On this edition of the Bulls Talk podcast, Jason Goff is joined by Chicago native and former NBA star Tim Hardaway

1:10       On how a Chicago kid went to play college basketball in Texas

6:15       On growing up a Bulls fan

9:20       What did Chicago basketball make Tim?

16:30    On starting his NBA career in Golden State

22:30    On the 90’s dynasty era Bulls and what he appreciated about them

25:25    Which players did he enjoy playing against the most

26:50    On today’s game and the point guard position

29:15    On the influence of analytics on today’s NBA

34:15    On balancing what a player’s skills are vs what the system wants

38:00    On Zach LaVine and his ceiling as a player

Listen to the full podcast here or via the embedded player below:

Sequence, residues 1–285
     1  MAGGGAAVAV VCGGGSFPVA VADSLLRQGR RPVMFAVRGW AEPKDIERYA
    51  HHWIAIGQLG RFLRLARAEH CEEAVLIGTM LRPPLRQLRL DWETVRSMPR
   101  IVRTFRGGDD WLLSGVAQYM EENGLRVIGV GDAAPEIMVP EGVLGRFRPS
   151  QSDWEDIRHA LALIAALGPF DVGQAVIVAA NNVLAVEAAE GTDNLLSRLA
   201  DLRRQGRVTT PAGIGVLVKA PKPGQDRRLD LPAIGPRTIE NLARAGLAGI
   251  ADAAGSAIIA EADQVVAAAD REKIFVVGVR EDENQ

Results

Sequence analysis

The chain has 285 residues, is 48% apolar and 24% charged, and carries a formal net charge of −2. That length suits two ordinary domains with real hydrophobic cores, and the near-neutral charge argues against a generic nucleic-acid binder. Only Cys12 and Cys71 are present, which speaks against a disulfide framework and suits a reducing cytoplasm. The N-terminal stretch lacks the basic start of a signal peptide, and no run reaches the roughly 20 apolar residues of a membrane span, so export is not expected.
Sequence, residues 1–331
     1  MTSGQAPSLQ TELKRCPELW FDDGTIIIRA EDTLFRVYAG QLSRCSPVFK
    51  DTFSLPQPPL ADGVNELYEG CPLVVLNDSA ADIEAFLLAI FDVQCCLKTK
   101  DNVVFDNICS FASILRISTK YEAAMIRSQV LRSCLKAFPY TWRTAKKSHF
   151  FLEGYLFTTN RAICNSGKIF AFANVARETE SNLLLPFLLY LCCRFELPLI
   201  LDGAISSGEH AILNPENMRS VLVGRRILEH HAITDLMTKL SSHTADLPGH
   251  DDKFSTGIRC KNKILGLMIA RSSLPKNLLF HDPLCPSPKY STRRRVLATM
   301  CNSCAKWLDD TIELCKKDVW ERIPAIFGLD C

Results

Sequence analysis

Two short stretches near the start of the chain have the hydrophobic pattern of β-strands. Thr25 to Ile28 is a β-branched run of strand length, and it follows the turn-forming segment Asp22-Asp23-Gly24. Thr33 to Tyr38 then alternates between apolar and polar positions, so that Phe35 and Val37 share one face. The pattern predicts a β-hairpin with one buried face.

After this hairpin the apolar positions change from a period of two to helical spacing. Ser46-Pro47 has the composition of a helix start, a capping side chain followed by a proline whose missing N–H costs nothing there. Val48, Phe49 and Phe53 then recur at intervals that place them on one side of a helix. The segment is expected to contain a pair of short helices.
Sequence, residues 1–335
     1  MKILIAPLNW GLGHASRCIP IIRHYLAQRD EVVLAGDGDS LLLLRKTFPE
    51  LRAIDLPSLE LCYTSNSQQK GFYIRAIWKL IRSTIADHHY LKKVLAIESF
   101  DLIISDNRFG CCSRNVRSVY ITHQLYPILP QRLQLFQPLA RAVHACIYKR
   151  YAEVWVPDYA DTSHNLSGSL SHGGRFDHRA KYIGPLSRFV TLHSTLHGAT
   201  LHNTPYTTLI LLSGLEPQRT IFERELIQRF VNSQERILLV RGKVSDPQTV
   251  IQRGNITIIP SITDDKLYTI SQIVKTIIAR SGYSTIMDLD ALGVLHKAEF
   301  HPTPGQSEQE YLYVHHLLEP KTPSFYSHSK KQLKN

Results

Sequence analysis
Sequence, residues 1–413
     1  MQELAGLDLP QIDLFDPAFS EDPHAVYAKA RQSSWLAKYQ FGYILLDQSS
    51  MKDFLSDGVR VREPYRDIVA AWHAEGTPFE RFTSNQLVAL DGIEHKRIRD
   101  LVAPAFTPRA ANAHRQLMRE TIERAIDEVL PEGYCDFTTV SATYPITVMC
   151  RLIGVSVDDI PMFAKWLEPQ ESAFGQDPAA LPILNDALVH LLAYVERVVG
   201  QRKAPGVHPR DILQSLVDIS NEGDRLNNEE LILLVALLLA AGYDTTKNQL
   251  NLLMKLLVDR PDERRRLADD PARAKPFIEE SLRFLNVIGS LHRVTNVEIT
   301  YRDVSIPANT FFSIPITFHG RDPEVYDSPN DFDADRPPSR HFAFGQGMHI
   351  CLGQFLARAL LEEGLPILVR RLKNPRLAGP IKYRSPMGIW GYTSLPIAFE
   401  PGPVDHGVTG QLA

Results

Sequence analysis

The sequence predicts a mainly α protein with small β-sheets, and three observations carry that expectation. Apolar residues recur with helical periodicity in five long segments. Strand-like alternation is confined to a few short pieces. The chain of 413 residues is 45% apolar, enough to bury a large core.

Bulls Talk Podcast

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Blackhawks Talk Podcast: Patrick Sharp gives insight on the team's struggles

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USA Today

Blackhawks Talk Podcast: Patrick Sharp gives insight on the team's struggles

Former Blackhawk Patrick Sharp joins Pat Boyle on the latest episode of the Blackhawks Talk Podcast to discuss the Blackhawks' recent struggles (1:45) and to look back on winning the 2013 Stanley Cup Championship with the Hawks (7:45).

Plus, Sharpy looks back on the games following the birth of his two daughters (11:45), memories from the mother's and father's trip (13:45) and finally starting a new chapter with his broadcasting career (15:00).

Listen to the full episode here or in the embedded player below:

Blackhawks Talk Podcast